THURSDAY, Sept. 9 (HealthDay News) -- The U.S. Food and Drug
Administration cracked down Thursday on five distributors of
electronic cigarettes, citing them for a series of violations that
included unsubstantiated claims and poor manufacturing
The agency said that e-cigarette distributors falsely claim that
e-cigarettes -- battery-operated devices that contain cartridges
filled with nicotine, flavorings and other chemicals -- will help
people quit smoking.
"The device turns nicotine, which is highly addictive, into a vapor that is inhaled," according to the FDA.
"These products are not proven safe and effective yet," Michael Levy, director of the division of new drugs and labeling compliance in the FDA's Center for Drug Evaluation and Research, said at an afternoon press conference.
The FDA said in July that its tests had shown that some
e-cigarettes contain cancer-causing chemicals and other toxins,
including a compound used in antifreeze.
In addition, at least one electronic cigarette company cited was
selling unapproved weight loss and erectile dysfunction drugs
designed to refill e-cigarette cartridges, the agency said.
For people addicted to cigarettes, "there are FDA-approved
smoking cessation aids on the market," Levy said.
The companies receiving warning letters are E-CigaretteDirect
LLC, Ruyan America Inc., Gamucci America (Smokey Bayou Inc.), E-Cig
Technology Inc. and Johnson's Creek Enterprises LLC.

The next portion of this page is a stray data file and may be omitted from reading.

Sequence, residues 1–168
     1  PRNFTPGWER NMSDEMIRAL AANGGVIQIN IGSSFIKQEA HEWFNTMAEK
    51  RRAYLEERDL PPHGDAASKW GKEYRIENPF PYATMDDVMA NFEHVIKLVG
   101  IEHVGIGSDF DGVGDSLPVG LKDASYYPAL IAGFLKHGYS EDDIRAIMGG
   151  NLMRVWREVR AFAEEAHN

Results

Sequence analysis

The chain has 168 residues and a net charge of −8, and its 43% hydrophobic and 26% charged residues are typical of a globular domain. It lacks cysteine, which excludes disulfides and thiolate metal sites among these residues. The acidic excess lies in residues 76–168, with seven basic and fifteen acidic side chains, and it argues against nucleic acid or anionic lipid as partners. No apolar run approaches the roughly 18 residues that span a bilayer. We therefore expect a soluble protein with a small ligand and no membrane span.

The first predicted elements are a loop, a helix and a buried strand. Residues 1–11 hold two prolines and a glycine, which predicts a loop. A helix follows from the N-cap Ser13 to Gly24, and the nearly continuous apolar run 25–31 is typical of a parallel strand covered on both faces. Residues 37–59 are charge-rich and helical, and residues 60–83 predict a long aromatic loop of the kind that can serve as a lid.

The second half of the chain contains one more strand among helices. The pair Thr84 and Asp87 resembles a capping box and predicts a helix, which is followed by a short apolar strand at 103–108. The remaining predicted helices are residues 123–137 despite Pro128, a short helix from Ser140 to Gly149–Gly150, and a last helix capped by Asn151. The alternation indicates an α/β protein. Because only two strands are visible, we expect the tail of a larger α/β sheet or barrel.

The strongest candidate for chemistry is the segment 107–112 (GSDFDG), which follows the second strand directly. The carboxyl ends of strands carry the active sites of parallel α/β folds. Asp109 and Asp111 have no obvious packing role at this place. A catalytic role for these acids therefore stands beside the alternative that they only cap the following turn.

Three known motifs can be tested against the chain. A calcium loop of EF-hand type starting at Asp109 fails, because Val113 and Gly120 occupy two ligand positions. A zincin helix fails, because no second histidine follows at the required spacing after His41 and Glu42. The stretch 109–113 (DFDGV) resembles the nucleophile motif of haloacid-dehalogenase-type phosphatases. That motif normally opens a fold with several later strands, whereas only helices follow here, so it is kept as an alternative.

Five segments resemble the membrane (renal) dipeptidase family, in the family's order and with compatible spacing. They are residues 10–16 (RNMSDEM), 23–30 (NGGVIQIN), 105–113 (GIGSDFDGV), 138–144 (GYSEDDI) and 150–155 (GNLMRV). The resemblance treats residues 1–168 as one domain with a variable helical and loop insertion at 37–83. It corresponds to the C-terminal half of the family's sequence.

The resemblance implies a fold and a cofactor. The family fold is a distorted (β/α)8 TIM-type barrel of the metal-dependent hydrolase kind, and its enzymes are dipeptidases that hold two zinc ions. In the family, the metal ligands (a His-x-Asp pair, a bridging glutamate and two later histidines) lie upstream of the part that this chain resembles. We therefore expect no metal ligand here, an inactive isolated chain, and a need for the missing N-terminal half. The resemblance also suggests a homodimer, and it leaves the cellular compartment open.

Although these companies claimed their products help people quit
smoking cigarettes, these claims have not been evaluated by the
FDA, the agency said.
The FDA also cited E-Cig Technology for marketing tadalafil, an
erectile dysfunction drug, and rimonabant, a weight loss drug that
has not been approved for use in the United States, for use in
e-cigarettes. These liquid drugs are made as refill cartridges for
use in e-cigarettes so they can be vaporized and inhaled, the
In addition, the agency cited Johnson Creek Enterprises, which
markets Smoke Juice, a liquid solution used to refill cartridges in
e-cigarettes, for deficiencies in its manufacturing processes.
These included a failure to establish quality control and testing
required by law, the agency said.
At the press conference, Levy said the agency is interested in
finding out if e-cigarettes can be safe and effective.
To that end, the FDA sent a letter to the Electronic Cigarette
Association, saying that the agency will regulate electronic
cigarette and related products as part of its mission to protect
the public health.
"FDA invites electronic cigarette firms to work in cooperation with the agency toward the goal of assuring that electronic cigarettes sold in the United States are lawfully marketed," the agency wrote to the association.
Under the law, a company cannot say its drug can treat or
mitigate a disease, such as nicotine addiction, unless it has
proved to the FDA that the drug is safe and effective for its
The battle over whether e-cigarettes are legal has been heating
up over the past year. The FDA contends that e-cigarettes are both
a drug and a device, making them subject to U.S. government
regulation under the Federal Food, Drug and Cosmetic Act.
But, one of the companies that markets e-cigarettes, Smoking
Everywhere, filed suit against the FDA in April. It claimed that
the agency overstepped its authority by banning shipments and
insisting that e-cigarettes go through the drug approval process,
FDA officials said in April.
Levy declined to comment on the status of the pending suit.
For more information on electronic cigarettes, visit the
U.S. Food and Drug Administration.
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